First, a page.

Cards Ace through Ten depict the heraldic symbol of the suit arranged on a vacant white background. The symbols convey an antique elegance: for cups; a double handled urn with sculptural flourishes, for wands; a scepter aglow with a ruby cabochon, for pentacles; a golden disk with a floral emblem that appears to be a shield, for swords; a blade with a handle adorned with the a golden head of a dog. I wish the artist had been allotted the time to fully illustrate the stories of the figures in the Trumps throughout the four suits. As a pictorial reader, I find the ability to show the querent the images helps facilitate a deeper foundation of trust and understanding of what the tarot can offer. A stack of swords may as well be a stack of folded laundry to an uninitiated querent, though some readers are able to work with the numerological symbolism and offer a bridge to understanding. I prefer to guide the querent through the visual landscape. For readers who feel uncomfortable divining with unillustrated pips, I would recommend separating the pips from the more evocative Major Arcana and Court Cards for the smaller spreads. I see no need to include cards that are not fully rendered, nor to assign Pandora’s Tarot into the category of art decks that have visual merit yet are not readable in the true nature of tarot. However, I would much rather be given the opportunity to read with the full 78 cards than have to choose between staring at empty arrangements of repetitive symbols or filtering cards from the deck. Another possibility is to the use Pandora’s Tarot as a study deck to assist students in uncovering the personas of the figures inhabiting the Major Arcana and the Tarot Court.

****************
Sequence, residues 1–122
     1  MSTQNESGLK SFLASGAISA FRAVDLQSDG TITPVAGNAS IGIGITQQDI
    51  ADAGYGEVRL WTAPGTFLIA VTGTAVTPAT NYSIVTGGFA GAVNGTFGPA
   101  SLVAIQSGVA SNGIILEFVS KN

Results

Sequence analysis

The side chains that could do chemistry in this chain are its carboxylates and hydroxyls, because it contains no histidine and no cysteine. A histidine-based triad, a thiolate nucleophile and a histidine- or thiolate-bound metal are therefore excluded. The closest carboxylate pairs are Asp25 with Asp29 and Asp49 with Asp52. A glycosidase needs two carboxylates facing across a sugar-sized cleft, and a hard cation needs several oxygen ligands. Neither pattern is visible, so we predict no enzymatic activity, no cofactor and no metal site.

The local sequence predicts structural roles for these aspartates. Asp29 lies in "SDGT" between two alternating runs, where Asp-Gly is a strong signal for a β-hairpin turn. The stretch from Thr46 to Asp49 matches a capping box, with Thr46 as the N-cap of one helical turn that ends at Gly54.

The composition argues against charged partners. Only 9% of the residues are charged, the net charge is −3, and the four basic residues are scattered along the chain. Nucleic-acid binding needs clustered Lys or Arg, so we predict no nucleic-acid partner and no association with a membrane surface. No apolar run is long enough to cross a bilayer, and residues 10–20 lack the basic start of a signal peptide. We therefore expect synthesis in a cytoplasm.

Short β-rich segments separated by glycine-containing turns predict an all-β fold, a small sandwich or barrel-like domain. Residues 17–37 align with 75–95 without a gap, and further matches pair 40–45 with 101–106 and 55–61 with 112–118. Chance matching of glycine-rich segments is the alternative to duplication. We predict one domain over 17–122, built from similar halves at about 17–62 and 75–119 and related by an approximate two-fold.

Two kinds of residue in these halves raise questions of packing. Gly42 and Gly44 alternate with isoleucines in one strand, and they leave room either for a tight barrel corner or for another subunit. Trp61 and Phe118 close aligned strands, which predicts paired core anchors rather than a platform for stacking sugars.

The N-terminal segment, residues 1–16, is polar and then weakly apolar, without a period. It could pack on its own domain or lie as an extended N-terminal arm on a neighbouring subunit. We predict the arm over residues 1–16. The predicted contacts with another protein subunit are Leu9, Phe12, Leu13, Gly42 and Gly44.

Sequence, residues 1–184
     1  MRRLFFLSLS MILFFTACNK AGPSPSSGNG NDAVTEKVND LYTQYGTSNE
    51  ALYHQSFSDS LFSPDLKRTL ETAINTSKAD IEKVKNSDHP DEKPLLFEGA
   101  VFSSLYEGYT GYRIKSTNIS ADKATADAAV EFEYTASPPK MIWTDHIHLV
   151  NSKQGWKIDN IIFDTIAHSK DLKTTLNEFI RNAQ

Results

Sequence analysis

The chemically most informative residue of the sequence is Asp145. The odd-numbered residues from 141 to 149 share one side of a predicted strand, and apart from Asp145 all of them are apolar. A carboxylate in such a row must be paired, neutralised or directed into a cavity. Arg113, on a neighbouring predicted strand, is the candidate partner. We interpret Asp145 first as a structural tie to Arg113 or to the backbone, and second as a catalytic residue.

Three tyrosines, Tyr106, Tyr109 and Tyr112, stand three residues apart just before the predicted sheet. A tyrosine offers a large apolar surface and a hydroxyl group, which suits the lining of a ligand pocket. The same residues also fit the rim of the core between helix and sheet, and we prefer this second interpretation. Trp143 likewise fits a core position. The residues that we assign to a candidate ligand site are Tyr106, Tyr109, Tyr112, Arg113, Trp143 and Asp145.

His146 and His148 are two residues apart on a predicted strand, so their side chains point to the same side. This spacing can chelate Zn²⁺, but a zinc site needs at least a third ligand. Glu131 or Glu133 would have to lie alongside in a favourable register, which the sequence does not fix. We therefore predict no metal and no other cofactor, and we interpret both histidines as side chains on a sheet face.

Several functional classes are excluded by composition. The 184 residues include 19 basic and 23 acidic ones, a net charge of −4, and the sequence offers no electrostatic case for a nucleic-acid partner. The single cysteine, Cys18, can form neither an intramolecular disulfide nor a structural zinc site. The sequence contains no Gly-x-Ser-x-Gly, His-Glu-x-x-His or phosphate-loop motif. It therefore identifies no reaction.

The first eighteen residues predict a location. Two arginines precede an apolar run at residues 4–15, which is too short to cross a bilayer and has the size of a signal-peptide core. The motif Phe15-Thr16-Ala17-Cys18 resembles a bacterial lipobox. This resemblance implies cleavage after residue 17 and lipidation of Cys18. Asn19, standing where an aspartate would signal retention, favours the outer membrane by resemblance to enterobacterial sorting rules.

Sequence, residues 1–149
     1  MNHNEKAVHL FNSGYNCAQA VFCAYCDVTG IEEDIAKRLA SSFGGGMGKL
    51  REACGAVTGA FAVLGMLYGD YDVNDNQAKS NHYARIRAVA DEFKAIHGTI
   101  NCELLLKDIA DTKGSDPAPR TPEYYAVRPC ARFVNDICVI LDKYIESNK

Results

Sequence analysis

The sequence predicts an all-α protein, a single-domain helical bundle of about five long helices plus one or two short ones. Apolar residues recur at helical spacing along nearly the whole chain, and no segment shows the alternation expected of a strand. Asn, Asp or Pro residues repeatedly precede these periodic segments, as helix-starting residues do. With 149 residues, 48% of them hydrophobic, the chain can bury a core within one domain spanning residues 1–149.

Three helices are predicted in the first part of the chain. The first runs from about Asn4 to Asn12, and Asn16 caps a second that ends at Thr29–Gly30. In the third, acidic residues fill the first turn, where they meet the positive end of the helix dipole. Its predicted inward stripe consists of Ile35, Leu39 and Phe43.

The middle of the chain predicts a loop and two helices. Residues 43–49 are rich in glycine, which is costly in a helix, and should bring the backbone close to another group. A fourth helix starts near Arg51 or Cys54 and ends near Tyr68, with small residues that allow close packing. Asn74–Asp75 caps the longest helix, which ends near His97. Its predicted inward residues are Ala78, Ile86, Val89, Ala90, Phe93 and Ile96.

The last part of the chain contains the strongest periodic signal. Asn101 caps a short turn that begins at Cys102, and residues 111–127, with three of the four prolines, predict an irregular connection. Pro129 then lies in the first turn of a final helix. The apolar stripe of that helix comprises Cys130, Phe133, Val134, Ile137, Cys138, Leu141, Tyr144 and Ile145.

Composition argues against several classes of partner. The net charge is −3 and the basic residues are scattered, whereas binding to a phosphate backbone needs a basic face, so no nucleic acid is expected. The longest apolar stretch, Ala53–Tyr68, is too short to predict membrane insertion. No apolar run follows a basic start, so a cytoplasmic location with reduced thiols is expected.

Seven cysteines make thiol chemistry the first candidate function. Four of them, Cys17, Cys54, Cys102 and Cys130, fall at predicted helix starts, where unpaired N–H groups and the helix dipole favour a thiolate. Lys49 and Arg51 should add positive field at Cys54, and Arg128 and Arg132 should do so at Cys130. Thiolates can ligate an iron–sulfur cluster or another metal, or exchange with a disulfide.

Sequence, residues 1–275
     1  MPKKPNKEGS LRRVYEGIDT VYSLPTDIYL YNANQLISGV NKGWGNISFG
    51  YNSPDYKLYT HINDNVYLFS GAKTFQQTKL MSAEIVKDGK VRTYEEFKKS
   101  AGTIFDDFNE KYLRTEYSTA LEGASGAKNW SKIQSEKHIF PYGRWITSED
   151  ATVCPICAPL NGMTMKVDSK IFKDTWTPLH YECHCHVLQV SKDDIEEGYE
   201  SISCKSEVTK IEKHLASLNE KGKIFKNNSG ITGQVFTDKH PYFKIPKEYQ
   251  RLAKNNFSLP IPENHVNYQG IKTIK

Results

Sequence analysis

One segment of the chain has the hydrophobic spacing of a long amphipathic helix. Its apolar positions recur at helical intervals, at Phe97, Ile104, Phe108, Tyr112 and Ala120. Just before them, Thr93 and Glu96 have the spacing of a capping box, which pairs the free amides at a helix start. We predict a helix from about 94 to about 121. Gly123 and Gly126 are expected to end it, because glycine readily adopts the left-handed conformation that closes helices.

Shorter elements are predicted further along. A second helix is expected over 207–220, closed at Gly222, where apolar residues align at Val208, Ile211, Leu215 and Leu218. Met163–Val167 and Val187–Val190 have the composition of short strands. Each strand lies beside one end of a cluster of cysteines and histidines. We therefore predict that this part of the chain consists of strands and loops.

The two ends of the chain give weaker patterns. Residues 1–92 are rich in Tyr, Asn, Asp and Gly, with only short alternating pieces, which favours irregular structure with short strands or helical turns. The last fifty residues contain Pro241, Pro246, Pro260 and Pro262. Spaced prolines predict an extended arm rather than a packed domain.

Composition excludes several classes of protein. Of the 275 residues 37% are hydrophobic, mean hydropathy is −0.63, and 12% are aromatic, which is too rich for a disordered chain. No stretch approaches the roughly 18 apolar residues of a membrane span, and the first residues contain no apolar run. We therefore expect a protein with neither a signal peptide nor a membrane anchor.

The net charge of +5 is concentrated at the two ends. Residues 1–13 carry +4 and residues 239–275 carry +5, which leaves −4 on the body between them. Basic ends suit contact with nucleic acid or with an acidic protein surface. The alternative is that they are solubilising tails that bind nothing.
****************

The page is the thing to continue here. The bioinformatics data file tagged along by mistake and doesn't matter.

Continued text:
Reminiscent of dominos, the reversible card backs are black with an arrangement of white dots in the shape of a cross with four dots in each corner forming a simple frame. The cards are unusually sized at 2x5 inches. The glossy cardstock heightens the feeling of gazing through a box of photos from a lost era.

The 112-page booklet is in Chinese, which my linguistic abilities do not allow me to navigate except to mention that the card titles are written in English as well. With so many beautiful decks from Taiwan entering the Western marketplace, I do hope that full English translations will be provided for future works.

The simple slide box with an embossed image of a moth or butterfly formed by interwoven Chinese characters invited me to explore the contents like a gorgeous book cover inviting me to enter a world beyond my shores. The Queen of Cups gazes outward and beckons you to go within to see her diadem shimmer and feel the senses open to the flow of beauty.

I would recommend the Pandora’s Tarot to collectors, tarot and art enthusiasts inspired by the mythic East, and students wanting to understand the archetypes embodying the Major Arcana and Tarot Court.   

The Pandora’s Tarot can be purchased by contacting Chialing

Valerie Antal is a Dianic Pagan living in Philadelphia, PA.  She is currently writing a book of ritual meditations to the Goddess to honor the Celtic Wheel of the Year. She works as a full-time tarot professional, via phone and in person, and is available for parties and events. For more information, visit her on the web  or contact her via email.